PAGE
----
Om Prakash Valmiki

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Omprakash Valmiki
Born (1950-06-30)30 June 1950
Barla village of Muzaffar Nagar district in Uttar Pradesh, India
Died 17 November 2013(2013-11-17) (aged 63)
Dehradun, India
Occupation writer and poet
Nationality Indian
Citizenship India
Subject Hindi
Spouse Chanda

Omprakash Valmiki (30 June 1950 – 17 November 2013) was an Indian Dalit writer and poet.[1] well known for his autobiography, Joothan, considered a milestone in Dalit literature.[2] He was born at the village of Barla in the Muzzafarnagar district of Uttar Pradesh. After retirement from Government Ordnance Factory he lived in Dehradun where he died of complications arising out of stomach cancer on 17 November 2013.[3]

Being a Dalit child, he was tortured and abused everywhere in society. He was fortunate enough to be born in a household where everyone loved and cared for him. The support and encouragement he gained from the family enabled him to face the dangers of being a Dalit. Right from the early stages of his life, Valmiki was conscious of the importance of studies and hence he was always a bright student. Reading and writing made him an enlightened human being. Valmiki married Chanda; despite the protestations his father accepted her as his daughter-in-law. He was not allotted a house in the government colony. They had to struggle a lot during the initial days of marriage. But he soon settled and both Valmiki and Chanda started a happy married life.[citation needed]

In his novel Joothan he talked about the discrimination they had to face in the school at different points. He says: “During the examinations we could not drink water from the glass when thirsty. To drink water, we had to cup our hands. The peon would pour water from way high up, lest our hands touch the glass”. Omprakash Valmiki describes his life as an untouchable, or Dalit, in the newly independent India of the 1950s. Joothan refers to scraps of food left on a plate, destined for the garbage or animals. Dalits have been forced to accept and eat joothan for centuries, and the word encapsulates the pain, humiliation, and poverty of a community forced to live at the bottom of India's social pyramid. Although untouchability was outlawed in 1949, Dalits continued to face discrimination, economic deprivation, violence, and ridicule. Valmiki shares his struggle to survive a preordained life of perpetual physical and mental persecution and his transformation into a speaking subject under the influence of the Dalit political leader, B. R. Ambedkar.[citation needed]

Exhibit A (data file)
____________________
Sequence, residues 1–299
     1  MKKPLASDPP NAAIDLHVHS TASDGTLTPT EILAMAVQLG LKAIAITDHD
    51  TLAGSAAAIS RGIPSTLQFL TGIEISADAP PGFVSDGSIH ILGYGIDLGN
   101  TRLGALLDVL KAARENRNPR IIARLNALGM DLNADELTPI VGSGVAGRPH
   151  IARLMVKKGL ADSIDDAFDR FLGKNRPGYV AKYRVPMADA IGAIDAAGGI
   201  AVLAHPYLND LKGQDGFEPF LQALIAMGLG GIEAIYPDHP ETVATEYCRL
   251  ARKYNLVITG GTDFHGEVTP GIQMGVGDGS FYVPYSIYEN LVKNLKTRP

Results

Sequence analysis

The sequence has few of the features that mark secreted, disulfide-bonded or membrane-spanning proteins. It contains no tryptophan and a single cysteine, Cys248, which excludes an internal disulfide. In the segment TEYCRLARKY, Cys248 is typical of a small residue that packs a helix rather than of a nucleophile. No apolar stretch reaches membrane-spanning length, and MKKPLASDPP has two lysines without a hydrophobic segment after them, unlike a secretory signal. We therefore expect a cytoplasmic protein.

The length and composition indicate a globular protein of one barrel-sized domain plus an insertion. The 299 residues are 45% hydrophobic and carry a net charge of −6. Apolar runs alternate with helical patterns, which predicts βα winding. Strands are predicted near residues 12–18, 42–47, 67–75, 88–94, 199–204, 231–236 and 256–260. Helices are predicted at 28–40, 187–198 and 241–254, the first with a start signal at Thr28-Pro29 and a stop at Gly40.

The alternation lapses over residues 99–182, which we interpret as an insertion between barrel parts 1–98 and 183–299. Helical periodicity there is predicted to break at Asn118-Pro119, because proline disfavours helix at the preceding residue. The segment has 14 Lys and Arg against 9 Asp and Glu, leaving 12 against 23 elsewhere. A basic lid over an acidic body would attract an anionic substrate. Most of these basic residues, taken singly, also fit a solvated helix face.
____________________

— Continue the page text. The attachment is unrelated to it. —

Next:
Besides Joothan (1997) Valmiki published three collections of poetry: Sadiyon Ka Santaap (1989), Bas! Bahut Ho Chuka (1997), and Ab Aur Nahin (2009). He also wrote two collections of short stories, Salaam (2000), and Ghuspethiye (2004). In addition, he wrote Dalit Saahity Ka Saundaryshaastr (2001) and a history of the Valmiki community, Safai Devata (2009), Do Chera' (a play).[4]

References[edit]

  1. ^ Indian Literature : An Introduction. University of Delhi. Pearson Education India. p. 322. ISBN 978-81-317-0520-9. Retrieved 30 August 2011. 
  2. ^ Nelavala, Surekha; University, Drew (2008). Liberation beyond borders: Dalit feminist hermeneutics and four gospel women. ProQuest. p. 45. ISBN 978-0-549-68988-1. Retrieved 30 August 2011. 
  3. ^ "ओमप्रकाश वाल्मीकि नहीं रहे - BBC Hindi - भारत". BBC.co.uk. Retrieved 2013-11-20. 
  4. ^ "Dalit writer Omprakash Valmiki no more - Times Of India". Articles.timesofindia.indiatimes.com. Retrieved 2013-11-20. 

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